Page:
Berlin

Hotels in Berlin

For years, Berlin’s high-end hotels just weren’t cool. That all changed with Soho House, the London-based members’ club, providing Berlin with a welcome dose of English eccentricity and becoming the overnight choice for the art and fashion set.

Sitting in the shadow of the Brandenburg Gate, the Hotel Adlon Kempinski is one of Berlin’s most historic and luxurious hotels. Originally built in 1907, the hotel was destroyed in 1945 and reopened in 1997.

Established in 2001, T&C Apartments is a vacation rental company offering apartments and homes in 14 locations throughout the downtown area.

Set in what was once a mammoth office building, the original 20th-century façade belies the updated all-white interior. The hotel is also conveniently situated on Nürnberger Strasse, the main artery of former West Berlin, and close to shopping mecca KaDeWe.

A mix of business travelers and design-savvy hipsters appreciate the Ku’Damm’s sleek, clean-lined aesthetic.

Located just five minutes from the city's famous Museum Island and in the midst of the bustling shopping and dining district of the same name, the Hackescher Markt Hotel is a boutique-style property with 29 guest rooms and three suites.

Semicircular property with 301 rooms (some classic and outfitted with English and Continental antiques, others modern) and a leafy inner courtyard.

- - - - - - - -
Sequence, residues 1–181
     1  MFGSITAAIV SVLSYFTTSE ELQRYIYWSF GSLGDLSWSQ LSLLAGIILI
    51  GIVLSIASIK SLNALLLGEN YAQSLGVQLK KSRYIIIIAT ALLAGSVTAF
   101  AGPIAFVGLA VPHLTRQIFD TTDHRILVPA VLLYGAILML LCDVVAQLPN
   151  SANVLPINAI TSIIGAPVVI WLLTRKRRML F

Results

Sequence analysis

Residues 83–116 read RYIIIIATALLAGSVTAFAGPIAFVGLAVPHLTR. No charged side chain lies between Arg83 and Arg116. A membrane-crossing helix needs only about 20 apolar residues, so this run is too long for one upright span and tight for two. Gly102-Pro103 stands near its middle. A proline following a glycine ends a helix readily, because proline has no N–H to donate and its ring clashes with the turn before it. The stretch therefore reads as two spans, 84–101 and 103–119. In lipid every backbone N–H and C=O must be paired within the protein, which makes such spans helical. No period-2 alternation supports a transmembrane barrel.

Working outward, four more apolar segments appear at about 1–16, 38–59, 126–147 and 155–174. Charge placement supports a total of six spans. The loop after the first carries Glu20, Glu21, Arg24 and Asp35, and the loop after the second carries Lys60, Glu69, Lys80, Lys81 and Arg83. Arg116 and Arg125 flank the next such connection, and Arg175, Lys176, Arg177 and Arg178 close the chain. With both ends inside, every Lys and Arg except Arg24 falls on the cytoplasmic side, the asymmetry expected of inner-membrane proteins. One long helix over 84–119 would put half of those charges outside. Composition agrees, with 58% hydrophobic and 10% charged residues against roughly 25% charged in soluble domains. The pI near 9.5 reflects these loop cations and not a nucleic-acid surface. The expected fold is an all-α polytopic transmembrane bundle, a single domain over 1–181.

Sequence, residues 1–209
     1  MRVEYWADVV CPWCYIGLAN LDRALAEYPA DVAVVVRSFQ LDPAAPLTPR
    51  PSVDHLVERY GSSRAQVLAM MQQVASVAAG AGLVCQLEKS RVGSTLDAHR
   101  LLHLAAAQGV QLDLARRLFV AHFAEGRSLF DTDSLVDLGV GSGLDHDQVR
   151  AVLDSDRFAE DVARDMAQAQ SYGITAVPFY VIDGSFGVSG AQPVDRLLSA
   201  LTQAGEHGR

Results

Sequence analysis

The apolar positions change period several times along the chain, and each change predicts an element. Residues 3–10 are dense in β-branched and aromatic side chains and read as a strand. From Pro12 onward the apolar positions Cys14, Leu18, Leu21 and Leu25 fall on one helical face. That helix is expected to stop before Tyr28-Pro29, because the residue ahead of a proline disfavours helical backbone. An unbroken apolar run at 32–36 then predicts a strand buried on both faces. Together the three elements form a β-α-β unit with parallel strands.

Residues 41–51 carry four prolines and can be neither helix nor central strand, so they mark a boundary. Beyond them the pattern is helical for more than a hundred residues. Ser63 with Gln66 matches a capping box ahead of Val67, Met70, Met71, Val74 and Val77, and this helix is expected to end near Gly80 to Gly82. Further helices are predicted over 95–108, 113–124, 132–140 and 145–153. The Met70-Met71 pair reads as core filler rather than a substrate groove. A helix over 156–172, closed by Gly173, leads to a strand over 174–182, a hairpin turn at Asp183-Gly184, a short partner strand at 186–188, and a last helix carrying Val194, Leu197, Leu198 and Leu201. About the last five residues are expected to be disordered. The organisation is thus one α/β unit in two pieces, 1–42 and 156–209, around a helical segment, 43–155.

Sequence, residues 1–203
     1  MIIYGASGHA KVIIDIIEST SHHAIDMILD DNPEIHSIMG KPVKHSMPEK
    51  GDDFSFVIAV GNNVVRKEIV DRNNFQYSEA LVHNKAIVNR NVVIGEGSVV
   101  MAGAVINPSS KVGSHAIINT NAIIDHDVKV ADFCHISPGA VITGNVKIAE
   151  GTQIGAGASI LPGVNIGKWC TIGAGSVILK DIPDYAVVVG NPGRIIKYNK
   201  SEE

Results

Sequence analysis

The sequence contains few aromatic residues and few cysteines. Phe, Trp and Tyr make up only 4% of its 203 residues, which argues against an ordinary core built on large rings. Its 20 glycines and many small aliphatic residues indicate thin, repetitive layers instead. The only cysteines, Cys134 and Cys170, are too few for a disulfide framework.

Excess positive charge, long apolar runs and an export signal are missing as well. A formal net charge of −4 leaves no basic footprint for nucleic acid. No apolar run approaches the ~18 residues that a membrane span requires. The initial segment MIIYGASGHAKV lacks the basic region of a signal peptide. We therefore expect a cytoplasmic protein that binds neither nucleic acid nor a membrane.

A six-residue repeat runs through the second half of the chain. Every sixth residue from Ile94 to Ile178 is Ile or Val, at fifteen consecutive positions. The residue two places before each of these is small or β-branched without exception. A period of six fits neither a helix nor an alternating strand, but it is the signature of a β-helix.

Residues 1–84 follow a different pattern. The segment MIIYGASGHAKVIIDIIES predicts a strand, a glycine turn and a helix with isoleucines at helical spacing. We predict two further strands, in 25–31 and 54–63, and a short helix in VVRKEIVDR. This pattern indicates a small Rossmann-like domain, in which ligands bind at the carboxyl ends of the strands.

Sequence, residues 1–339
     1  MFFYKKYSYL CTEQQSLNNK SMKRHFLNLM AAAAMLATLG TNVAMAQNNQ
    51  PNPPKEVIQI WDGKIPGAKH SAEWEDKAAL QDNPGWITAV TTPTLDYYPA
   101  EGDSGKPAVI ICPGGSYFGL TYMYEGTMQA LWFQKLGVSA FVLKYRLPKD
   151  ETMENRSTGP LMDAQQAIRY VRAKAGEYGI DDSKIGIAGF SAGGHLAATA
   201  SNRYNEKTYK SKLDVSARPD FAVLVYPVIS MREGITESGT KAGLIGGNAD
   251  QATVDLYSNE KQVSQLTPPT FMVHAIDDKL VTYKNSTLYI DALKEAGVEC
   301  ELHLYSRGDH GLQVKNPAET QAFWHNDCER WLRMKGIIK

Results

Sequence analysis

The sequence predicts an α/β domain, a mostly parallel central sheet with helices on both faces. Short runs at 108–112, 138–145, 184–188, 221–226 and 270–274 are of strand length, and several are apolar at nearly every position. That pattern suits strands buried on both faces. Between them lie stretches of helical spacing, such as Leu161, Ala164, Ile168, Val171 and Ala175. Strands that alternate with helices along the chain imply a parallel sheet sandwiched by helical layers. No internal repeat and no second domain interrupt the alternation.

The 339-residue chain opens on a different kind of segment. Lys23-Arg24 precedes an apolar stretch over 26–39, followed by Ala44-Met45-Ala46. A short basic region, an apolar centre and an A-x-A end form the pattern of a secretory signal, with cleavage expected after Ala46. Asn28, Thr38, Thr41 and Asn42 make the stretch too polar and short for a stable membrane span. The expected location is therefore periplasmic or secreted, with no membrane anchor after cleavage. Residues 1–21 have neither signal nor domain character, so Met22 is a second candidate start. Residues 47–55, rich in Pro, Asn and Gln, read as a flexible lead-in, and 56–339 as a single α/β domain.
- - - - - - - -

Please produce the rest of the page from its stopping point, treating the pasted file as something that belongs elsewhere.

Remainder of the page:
This funky, hostel-style hotel in the Berlin Mitte district is designed to accommodate the needs of cash-strapped backpackers.

Q!

Despite being designed to within an inch of its life, the décor of Berlin’s Q! hotel displays a coherence that’s admirable.

The Rocco Forte group typically makes magic out of run-down but exquisitely situated properties, like Brown’s Hotel in London and the Hotel de Russie in Rome. Their latest accomplishment: Hotel de Rome, set in Berlin’s former Dresdner Bank.

What began in 2008 as an “art lab” in a palatial (but condemned) 1825-vintage residential building has evolved into a livable museum-cum-hotel near Berlin’s government district.

With its low-key, beveled façade, the Grand Hyatt hangs back in a neighborhood known for its postmodern architecture; however, inside, it's all skewed angles and bright blocks of color and chrome, paying homage to Berlin's history as a center of Expressionist art.

In the heart of the buzzing Mitte neighborhood, Lux 11 is the latest creation from a dynamic minimalist duo, Claudio Silvestrin and his wife, Giuliana Salmaso.